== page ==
For example, if you want to return the stellar RV, this is the planet mass.
If you want to return the planetary RV, this is the stellar mass. [Solar masses].
For planet mass ~ 0, mass_for_Kamp ~ M_tot, and function returns planetary RV (default).
tau_ref_epoch (float, optional): reference date that tau is defined with respect to (i.e., tau=0)
tolerance (float, optional): absolute tolerance of iterative computation. Defaults to 1e-9.
max_iter (int, optional): maximum number of iterations before switching. Defaults to 100.
use_c (bool, optional): Use the C solver if configured. Defaults to True
use_gpu (bool, optional): Use the GPU solver if configured. Defaults to False
Return:
3-tuple:
raoff (jax.numpy.ndarray): array-like (n_dates x n_orbs) of RA offsets between the bodies
(origin is at the other body) [mas]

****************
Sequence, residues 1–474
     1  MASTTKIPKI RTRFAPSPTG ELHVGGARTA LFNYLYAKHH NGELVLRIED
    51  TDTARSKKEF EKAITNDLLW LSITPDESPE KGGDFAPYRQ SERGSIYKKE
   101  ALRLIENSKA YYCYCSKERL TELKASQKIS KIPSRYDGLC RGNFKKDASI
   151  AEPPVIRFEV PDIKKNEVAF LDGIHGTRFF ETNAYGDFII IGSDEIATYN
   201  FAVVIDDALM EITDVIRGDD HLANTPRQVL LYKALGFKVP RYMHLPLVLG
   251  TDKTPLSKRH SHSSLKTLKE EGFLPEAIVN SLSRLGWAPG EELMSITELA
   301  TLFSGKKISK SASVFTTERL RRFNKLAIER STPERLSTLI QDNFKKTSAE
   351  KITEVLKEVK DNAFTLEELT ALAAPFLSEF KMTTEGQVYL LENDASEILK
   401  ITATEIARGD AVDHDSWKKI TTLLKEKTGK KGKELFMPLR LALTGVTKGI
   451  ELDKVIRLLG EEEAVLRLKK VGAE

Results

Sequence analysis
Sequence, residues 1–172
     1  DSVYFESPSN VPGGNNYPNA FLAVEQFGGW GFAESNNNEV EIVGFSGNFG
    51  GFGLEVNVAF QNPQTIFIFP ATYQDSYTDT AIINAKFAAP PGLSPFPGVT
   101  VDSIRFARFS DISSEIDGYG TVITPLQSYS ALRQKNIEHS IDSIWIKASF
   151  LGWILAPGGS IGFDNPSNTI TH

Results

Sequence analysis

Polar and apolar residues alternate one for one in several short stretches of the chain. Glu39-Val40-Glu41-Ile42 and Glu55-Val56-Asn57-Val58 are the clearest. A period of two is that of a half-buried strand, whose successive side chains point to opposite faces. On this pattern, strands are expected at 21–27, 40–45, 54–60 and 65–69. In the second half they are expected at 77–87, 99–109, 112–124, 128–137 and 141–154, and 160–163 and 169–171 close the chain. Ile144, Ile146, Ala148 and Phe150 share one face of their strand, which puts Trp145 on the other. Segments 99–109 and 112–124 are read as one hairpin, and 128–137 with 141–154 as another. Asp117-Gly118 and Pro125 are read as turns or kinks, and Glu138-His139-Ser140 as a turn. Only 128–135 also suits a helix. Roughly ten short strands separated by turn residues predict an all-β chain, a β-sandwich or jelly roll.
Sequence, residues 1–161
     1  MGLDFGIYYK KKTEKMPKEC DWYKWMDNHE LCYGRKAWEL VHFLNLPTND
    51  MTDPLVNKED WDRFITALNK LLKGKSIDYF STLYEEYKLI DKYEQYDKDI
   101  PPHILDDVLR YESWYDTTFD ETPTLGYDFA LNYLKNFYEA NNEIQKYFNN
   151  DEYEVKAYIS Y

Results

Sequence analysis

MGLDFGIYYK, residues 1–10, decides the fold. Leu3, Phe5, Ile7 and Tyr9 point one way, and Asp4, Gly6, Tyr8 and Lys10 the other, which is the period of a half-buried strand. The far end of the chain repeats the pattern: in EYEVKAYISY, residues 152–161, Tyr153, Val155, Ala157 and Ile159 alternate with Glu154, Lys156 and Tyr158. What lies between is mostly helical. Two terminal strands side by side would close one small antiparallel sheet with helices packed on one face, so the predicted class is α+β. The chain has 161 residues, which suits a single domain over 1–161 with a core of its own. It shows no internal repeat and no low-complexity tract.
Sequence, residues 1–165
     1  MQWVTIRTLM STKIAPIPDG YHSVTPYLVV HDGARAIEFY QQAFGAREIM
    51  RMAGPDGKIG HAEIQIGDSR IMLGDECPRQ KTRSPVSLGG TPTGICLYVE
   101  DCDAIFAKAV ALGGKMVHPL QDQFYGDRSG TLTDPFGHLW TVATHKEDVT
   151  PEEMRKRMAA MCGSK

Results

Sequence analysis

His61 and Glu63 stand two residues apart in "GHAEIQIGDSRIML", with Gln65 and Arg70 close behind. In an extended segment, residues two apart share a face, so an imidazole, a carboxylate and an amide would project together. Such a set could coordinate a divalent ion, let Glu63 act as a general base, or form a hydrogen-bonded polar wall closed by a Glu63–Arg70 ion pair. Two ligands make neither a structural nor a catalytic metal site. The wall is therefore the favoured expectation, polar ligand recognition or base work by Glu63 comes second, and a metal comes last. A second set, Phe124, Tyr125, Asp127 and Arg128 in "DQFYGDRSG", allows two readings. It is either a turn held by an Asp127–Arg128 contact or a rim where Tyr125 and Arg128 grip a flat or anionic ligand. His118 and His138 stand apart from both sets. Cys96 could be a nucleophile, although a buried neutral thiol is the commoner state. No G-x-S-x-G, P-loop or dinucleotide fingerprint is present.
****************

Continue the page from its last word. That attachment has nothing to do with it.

deoff (jax.numpy.ndarray): array-like (n_dates x n_orbs) of Dec offsets between the bodies [mas]
vz (jax.numpy.ndarray): array-like (n_dates x n_orbs) of radial velocity of one of the bodies
(see `mass_for_Kamp` description) [km/s]
Written: Jason Wang, Henry Ngo, 2018
"""
n_dates = np.size(epochs)
if mass_for_Kamp is None:
mass_for_Kamp = mtot
if np.isscalar(epochs):
epochs = np.array([epochs], dtype=np.float64)
manom = tau_to_manom(epochs[:, None], sma, mtot, tau, tau_ref_epoch)
eanom = _calc_ecc_anom(manom, ecc, tolerance=tolerance, max_iter=max_iter)
tanom = 2.0 * pm.math.arctan(pm.math.sqrt((1.0 + ecc) / (1.0 - ecc)) * pm.math.tan(0.5 * eanom))
radius = sma * (1.0 - ecc * pm.math.cos(eanom))
c2i2 = pm.math.cos(0.5 * inc)**2
s2i2 = pm.math.sin(0.5 * inc)**2
arg1 = tanom + aop + pan
arg2 = tanom + aop - pan
c1 = pm.math.cos(arg1)
c2 = pm.math.cos(arg2)
s1 = pm.math.sin(arg1)
s2 = pm.math.sin(arg2)
raoff = radius * (c2i2 * s1 - s2i2 * s2) * plx
deoff = radius * (c2i2 * c1 + s2i2 * c2) * plx
return raoff, deoff
```

I assume since EVERY sample is causing a divergence, that perhaps a gradient calculation maybe the problem…